You mention using whole number ISOs instead of 160/320/640/1250, which show the lowest amount of noise with the cap on. What is the reason for this?

Thanks.
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Old January 21st, 2010, 06:14 PM   #41
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David, since this is now the David Chapman ISO Q&A thread, would you ever recommend the '160 multiples' ISOs? What about if you are in a dimly-lit situation where you're just not going to get an optimum range of luminance? Would the 160 multiples help reduce perceived noise?

There is something in the Sony EX1, which I also own, called 'negative gain' that I had several discussions with experts over on that forum, and the conclusion was that if you didn't need the headroom, using the -3db setting reduced noise in darker areas of the image, but also lowered headroom. My argument was if you're going to lower the headroom, why not just pump up the overall light reaching the sensor?

The analogy that made sense to me was that the 'negative gain' setting was like a attenuating the input less on an audio mixer before the preamp. You want to increase the signal as much as possible to the sensor, which overcomes the inherent noise in the sensor, but it will 'overload' at the high end faster. If you can live with that, you get lower noise, but at the expense of headroom. Please comment if you have an opinion about this.

Anyway, if you can addres this
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Old January 21st, 2010, 07:54 PM   #42
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Quote:
Originally Posted by David Chapman View Post
My testing is becoming so comprehensive, I'm thinking of turning it into a training video:

"Independent Filmmaking and the 7D"

While I'm not a news journalist or documentarian, I do have a background in visual effects and video production—which should make this very interesting (green screening, motion tracking, basic and creative lighting, etc). I'm covering all of the "tech stuff" for some of the photographers coming into video but aiming to present it all visually so you really understand what looks like what and which rules to keep in mind.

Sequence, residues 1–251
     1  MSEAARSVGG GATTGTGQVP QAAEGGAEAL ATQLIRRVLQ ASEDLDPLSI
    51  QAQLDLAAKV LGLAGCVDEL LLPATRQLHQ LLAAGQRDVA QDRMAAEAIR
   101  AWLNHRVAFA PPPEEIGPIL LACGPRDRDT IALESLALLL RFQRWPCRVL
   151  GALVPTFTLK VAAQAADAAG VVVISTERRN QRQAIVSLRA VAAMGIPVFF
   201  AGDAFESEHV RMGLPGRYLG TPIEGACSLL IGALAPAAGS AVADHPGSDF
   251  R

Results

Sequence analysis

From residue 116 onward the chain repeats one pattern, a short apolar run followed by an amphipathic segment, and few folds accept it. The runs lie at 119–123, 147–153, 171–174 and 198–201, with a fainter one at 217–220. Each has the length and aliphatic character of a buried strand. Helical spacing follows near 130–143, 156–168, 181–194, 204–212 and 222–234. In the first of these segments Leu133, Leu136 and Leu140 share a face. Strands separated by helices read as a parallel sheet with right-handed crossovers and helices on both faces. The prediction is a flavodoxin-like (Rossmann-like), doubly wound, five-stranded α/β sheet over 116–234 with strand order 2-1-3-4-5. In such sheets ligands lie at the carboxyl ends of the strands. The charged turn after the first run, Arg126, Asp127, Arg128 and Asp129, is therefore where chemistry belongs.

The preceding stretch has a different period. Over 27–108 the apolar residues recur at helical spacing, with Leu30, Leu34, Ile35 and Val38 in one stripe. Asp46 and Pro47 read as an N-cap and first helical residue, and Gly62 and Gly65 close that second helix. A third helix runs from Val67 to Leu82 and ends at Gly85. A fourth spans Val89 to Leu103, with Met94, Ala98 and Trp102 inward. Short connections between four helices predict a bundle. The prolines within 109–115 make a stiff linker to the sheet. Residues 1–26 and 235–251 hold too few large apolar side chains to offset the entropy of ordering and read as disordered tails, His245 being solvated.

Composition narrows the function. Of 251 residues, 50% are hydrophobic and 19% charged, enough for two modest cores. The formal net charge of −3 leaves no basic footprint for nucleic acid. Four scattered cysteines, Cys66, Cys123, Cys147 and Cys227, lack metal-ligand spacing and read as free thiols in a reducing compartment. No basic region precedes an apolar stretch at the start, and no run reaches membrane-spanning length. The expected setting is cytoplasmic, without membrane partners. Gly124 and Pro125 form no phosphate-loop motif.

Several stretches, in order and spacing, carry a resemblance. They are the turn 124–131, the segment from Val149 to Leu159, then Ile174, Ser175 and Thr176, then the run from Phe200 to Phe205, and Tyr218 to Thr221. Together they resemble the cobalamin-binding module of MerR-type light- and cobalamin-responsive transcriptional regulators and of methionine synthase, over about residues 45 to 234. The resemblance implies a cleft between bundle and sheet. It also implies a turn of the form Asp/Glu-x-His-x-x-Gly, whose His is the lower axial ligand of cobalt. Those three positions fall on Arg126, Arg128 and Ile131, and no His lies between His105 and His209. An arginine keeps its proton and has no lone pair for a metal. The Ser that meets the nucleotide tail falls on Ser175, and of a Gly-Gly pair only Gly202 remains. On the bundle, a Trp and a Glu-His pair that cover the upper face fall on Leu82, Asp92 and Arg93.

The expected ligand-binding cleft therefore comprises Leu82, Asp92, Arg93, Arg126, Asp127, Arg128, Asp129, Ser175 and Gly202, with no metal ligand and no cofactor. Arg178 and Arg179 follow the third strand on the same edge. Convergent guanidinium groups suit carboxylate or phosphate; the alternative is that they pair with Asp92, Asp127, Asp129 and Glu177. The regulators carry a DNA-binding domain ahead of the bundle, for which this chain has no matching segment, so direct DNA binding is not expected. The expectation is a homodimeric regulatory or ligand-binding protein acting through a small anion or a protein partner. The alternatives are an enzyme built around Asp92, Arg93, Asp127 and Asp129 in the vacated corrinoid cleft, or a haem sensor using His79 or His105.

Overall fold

What would you guys like to see covered?

Here are a few topics:
Bare necessities for 7D filmmaking (not the endorsement list!)
7D for Run N Gun
Lighting your scene for the 7D
Shooting for post color correction (grading)
Shooting for green screening
Getting that shaky cam without the jello
7D vs EX1 comparison

I didn't want to just explain camera settings, but rather show you how I shoot, edit, grade and deliver. Any thoughts?

I'll buy it, I bought Philip Blooms which was pricey but extremely helpful.

I did however, find heaps of stuff missing, like the basics.
Setting exposure, white balancing, the LCD's auto function - my first tests were recorded much darker than what it appeared on the LCD screen and so on.

I like your idea of showing how you shoot, edit, grade and deliver, but that was what I found to be lacking.

In short, a guide for video people who are discovering the DSLR's - what's different?
Your typical HDV camera is set up with Iris, Shutter Speed, Gain, White balance and with a responsive LCD screen, it was real easy to set correct exposure.